So, there was an abundance of capital in the market in the aftermath of 2020. Every western government gave away money to prop up their economy. While many were crying foul about giving small cheques to the poor, a vast majority of the money went to large institutions.
The small amount of cash given to the poor created a bottom-up economy for the very first time where the demand for services was high but not enough people to fill those positions. Flush with cash, buying power went up and along with that, the cost of things went up.
While we are sitting around blaming the Ukraine war for everything, costs were spiralling upwards even before the war. Even last Christmas retailers in the US were worried they would not have enough goods for the shoppers coming in to purchase.
The feds started tightening credit to reign in inflation. How many of you look at the bank interest rates before you decide what you want to buy? It is the banks and the financial business players who are often forced to go slow when interest rates rise. Banks no longer had the risk liquidity available.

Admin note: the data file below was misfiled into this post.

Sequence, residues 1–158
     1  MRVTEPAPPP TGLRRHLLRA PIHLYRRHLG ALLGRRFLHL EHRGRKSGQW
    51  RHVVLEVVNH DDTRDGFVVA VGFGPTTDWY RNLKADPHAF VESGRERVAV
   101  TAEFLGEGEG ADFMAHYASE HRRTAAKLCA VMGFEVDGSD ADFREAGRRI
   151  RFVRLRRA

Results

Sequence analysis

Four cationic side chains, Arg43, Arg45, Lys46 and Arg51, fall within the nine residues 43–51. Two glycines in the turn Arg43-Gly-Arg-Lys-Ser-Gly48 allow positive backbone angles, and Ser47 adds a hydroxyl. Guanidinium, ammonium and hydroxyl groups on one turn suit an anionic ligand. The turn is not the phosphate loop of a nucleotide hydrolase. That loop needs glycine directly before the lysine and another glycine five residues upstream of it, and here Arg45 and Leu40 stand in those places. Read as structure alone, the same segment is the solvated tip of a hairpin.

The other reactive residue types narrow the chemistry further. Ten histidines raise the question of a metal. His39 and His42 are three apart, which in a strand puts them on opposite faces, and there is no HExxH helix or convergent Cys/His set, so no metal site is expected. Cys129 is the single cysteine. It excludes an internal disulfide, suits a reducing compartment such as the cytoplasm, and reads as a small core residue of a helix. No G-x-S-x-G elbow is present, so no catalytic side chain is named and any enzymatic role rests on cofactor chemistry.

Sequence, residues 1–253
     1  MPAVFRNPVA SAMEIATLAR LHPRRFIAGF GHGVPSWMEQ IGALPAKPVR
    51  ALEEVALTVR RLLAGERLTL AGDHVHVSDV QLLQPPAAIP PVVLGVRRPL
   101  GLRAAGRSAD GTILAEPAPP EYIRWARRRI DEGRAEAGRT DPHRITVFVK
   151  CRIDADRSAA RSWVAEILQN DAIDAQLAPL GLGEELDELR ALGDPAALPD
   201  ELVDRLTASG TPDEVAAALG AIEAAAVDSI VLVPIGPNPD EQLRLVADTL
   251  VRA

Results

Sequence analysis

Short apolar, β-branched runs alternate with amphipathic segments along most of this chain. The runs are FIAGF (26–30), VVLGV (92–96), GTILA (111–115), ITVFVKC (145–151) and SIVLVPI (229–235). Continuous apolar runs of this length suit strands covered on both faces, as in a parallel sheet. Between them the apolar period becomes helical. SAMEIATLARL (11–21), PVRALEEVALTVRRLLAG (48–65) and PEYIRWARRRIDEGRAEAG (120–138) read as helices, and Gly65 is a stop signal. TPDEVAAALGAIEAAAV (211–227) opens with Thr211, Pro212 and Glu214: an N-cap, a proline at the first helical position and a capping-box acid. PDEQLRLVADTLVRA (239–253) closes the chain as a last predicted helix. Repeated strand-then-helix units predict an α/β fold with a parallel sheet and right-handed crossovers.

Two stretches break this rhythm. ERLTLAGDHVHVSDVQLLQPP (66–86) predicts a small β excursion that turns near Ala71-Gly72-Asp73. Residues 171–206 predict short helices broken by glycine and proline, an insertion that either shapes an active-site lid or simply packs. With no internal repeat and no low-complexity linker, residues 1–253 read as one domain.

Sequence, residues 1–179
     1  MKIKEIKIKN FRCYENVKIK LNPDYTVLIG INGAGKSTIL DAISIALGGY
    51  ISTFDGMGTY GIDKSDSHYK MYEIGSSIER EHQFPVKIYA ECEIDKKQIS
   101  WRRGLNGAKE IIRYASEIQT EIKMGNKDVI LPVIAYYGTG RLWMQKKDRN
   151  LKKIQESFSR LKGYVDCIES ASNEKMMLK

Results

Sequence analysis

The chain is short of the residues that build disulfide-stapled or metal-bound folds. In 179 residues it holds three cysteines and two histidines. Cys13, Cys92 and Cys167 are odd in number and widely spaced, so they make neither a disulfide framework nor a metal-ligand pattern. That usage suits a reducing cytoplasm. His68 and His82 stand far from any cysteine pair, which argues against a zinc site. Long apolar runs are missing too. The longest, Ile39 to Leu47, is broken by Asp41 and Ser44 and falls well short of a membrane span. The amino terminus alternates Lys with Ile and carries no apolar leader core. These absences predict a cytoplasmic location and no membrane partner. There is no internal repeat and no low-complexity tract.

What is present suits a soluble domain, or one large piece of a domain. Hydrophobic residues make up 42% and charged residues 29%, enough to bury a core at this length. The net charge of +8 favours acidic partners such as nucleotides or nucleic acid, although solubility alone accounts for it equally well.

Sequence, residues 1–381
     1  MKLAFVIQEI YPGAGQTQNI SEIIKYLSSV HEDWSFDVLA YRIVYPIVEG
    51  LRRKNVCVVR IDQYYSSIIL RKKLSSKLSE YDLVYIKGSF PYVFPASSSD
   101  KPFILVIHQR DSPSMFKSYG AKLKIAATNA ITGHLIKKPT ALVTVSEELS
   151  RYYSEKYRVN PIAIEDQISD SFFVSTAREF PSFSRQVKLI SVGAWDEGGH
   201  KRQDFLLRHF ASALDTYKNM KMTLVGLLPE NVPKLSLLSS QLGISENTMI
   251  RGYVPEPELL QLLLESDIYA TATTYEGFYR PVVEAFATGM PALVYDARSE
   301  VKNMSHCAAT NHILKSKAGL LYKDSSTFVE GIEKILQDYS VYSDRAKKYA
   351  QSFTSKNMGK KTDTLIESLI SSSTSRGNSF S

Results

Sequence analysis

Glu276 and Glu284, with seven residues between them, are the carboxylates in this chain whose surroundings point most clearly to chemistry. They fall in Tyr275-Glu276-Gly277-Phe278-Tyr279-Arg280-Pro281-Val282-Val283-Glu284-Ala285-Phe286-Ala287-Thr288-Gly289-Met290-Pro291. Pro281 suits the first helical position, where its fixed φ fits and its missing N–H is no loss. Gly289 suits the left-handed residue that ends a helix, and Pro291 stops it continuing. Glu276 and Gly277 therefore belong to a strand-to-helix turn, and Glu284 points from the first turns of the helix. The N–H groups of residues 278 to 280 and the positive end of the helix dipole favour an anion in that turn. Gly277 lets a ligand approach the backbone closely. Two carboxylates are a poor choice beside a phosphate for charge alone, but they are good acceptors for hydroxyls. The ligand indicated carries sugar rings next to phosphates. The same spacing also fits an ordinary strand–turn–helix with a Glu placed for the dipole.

Credit Suisse Group AG's free fall continues with the shares hitting a fresh record low after its CEO's attempts to reassure markets on its financial stability only added to the sense of turmoil. This comes amid rumours that No. 2 Swiss bank and one of the largest global investment banks is on the verge of collapse.